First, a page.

Wine Types | Prosecco: The In-depth Guide

Massimo Vignaiolo
October 31, 2023

Wine Types | Prosecco: The In-depth Guide

If you are a fan of sparkling wines or just delving into the world of bubbles you have probably heard of Prosecco. This wine, that shares similarities with Cava or Champagne, originates from Italy, has a light body, a fresh taste and an intense fruity aroma. A great option to enjoy bubbles!

In this article, we will tell you everything you need to know about Prosecco: what exactly is Prosecco, what types of Prosecco you can find and what are the big differences between Prosecco and Champagne.

What is Prosecco?

Prosecco is an Italian white wine originating from the Valdobbiadene region in Italy. Valdobiadene is located in the Veneto area, in the northeast of Italy, more specifically in the Prosecco region. Prosecco is typically a sparkling wine but the wine is also made as a still wine (“tranquillo”) that is primarily consumed in the region and rarely exported. The Prosecco DOC or DOCG zones cover a large area spanning nine provinces in the Veneto and Friuli Venezia Giulia regions. Prosecco derives its name from the village of Prosecco in the province of Trieste.

This wine is made with at least 85% of Glera grapes with the remaining 15% made up of other grapes. Among them Verdiso, Bianchetta Trevigiana, Perera and Chardonnay. This wine is distinguished by its pale straw color, sweet and floral aroma and incredibly fresh taste.

We could describe Prosecco taste as very fruity, with reminiscences of white peach, honeydew melon and even green apple. Now, you maybe wonder: how to serve Prosecco? Well, in order to enjoy it at its best and appreciate all its nuances, we recommend serving Prosecco as chilled as possible.

How is Prosecco made?

How is Prosecco made?

Prosecco is made using the Charmat method, also known as Cuve Close, Italian Method, Tank Method, or the Marinotti method . This method is composed of the following steps:


Grapes are harvested early to allow them to maintain high levels of acidity, essential for a high quality Prosecco.

How is Prosecco made - Step 1


Grapes are then gently pressed.

How is Prosecco made - Step 2

3_Primary fermentation

In primary fermentation, the grape juice is placed in stainless steel tanks. Here, the aim is to obtain a white wine, with a lower alcohol content and a fruitier flavor than the product that will be obtained at the end of the process.

How is Prosecco made - Step 3

4_Secondary fermentation

The second stage, known as secondary fermentation, is carried out by transferring the fermented grape juice to a stainless steel tank. In addition, sugar and yeast are added to form what is known as ‘’wine’s tirage’’. This stage can last between 3 and 12 months, and this is where the magic happens, as the bubbles that make the wine ‘’sparkling’’ appear.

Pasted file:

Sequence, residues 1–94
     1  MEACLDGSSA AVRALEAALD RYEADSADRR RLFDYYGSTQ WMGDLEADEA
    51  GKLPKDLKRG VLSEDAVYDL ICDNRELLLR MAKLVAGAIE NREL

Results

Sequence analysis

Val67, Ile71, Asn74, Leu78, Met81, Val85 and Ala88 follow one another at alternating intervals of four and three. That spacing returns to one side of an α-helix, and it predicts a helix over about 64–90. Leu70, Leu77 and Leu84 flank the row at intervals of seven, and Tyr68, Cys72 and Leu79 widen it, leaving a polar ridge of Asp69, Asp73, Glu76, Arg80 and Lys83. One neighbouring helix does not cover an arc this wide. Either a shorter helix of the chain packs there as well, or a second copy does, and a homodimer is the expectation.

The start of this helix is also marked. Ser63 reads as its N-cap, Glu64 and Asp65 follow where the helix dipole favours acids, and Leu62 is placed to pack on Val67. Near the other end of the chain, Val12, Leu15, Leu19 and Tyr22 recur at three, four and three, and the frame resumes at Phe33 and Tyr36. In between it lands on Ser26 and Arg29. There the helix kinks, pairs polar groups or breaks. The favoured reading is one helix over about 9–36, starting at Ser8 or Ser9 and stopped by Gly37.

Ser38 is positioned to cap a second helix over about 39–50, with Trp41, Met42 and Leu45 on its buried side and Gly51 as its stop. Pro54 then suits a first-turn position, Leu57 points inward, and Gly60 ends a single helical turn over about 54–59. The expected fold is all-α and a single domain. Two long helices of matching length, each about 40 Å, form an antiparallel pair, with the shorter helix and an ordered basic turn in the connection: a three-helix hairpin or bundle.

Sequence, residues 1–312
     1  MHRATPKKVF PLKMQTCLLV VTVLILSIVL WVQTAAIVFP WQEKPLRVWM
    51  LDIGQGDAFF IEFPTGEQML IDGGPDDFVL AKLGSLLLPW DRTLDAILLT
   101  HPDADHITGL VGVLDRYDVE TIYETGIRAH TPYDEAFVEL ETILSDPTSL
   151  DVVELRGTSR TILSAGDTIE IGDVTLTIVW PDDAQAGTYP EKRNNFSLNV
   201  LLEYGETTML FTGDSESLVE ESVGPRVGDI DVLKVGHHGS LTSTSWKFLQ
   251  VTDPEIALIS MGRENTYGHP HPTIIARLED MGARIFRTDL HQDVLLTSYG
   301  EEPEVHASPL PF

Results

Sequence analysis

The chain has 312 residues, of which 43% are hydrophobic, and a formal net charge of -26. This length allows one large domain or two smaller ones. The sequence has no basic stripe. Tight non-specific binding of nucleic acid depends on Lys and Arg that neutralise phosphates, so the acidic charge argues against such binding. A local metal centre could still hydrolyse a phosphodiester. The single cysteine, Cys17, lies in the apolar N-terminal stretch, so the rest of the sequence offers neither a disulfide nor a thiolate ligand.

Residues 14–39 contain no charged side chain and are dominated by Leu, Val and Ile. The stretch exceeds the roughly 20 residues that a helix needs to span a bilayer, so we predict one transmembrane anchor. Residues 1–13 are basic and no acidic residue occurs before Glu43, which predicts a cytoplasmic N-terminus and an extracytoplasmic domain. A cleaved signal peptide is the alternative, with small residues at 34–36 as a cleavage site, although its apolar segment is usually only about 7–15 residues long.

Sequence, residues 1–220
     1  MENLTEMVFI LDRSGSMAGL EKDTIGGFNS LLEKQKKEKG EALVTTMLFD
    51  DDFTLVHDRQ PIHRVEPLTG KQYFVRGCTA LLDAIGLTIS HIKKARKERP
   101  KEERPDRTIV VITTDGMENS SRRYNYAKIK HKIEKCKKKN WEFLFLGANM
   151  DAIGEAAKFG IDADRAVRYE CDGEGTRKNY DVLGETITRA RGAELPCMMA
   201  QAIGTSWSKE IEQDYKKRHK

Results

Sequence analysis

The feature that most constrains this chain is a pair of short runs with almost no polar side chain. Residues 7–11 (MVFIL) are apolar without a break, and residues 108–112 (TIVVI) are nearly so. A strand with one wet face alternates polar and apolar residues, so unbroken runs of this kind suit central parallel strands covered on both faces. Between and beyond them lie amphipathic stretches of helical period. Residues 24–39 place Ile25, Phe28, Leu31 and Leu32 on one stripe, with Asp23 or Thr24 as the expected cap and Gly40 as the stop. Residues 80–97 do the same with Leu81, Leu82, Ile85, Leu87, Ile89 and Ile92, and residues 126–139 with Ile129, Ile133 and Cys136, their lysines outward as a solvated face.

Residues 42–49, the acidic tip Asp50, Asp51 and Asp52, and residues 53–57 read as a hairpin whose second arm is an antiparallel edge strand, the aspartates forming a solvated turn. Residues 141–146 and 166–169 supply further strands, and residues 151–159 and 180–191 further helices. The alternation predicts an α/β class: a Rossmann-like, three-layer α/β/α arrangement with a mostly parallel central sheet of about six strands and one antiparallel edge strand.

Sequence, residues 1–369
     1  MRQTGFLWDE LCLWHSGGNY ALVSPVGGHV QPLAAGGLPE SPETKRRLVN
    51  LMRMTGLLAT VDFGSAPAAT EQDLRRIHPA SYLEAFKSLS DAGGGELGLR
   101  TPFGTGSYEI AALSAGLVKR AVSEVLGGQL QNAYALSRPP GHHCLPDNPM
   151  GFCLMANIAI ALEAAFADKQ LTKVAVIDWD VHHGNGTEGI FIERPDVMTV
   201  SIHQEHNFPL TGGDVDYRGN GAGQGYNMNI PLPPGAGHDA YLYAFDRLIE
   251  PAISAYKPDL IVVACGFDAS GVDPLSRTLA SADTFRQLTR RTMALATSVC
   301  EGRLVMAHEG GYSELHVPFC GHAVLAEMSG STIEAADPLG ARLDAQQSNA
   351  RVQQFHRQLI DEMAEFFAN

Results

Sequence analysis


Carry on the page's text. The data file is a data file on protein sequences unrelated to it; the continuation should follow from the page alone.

How is Prosecco made - Step 4

How is Prosecco made - Step


When the wine has achieved the desired level of bubbles, the spent yeasts cells (the lees or “lieviti” in Italian) will settle to the bottom of the tank while the fermentation process continues. In order to stop the fermentation, it is necessary to cool the tank and its content.

The cooling process is carried out which stops the fermentation process. Cooling is carried out using machinery, which takes advantage of the capacity of cold and heat transmission of the stainless steel to cool the sparkling wine.

Here I would show the stainless steel tank with a thermometer beside showing the temperature going down.

How is Prosecco made - Step 5


Then, the Prosecco is filtered. This allows the removal of the lees left over from the first and second fermentation. For this, a large filter is used, which allows the wine to pass ‘’clean’’ of yeasts from one tank to another.

It is important to note that not all wines are filtered. If you pick up a bottle and you see yellowish sediment at the bottom of the bottle, these are the lees. They play an important role in the bottle aging process and help to develop secondary and tertiary aromas giving the wines an added layer of complexity. Wines with lees (yeast cells) are denoted as “sui lieviti” in Italian and “sur lie” in French, meaning “on the lees”. Prosecco wines on the lees are branded as Col Fondo (translated from Italian means “with the (lees) bottom”.

How is Prosecco made - Step 6


Dosage consists of adding sugar to the wine after filtering. The amount of sugar to be added will depend on the type of Prosecco you want to achieve. There are 4 different styles of Prosecco in the classification of ‘’sweetness’’:

How is Prosecco made - Step 7

How is Prosecco made - Step

  • Brut Nature: It has between 0 and 3 grams of residual sugar per liter.
  • Extra Brut: It has between 3 and 6 grams of residual sugar per liter denotes 0–6 grams.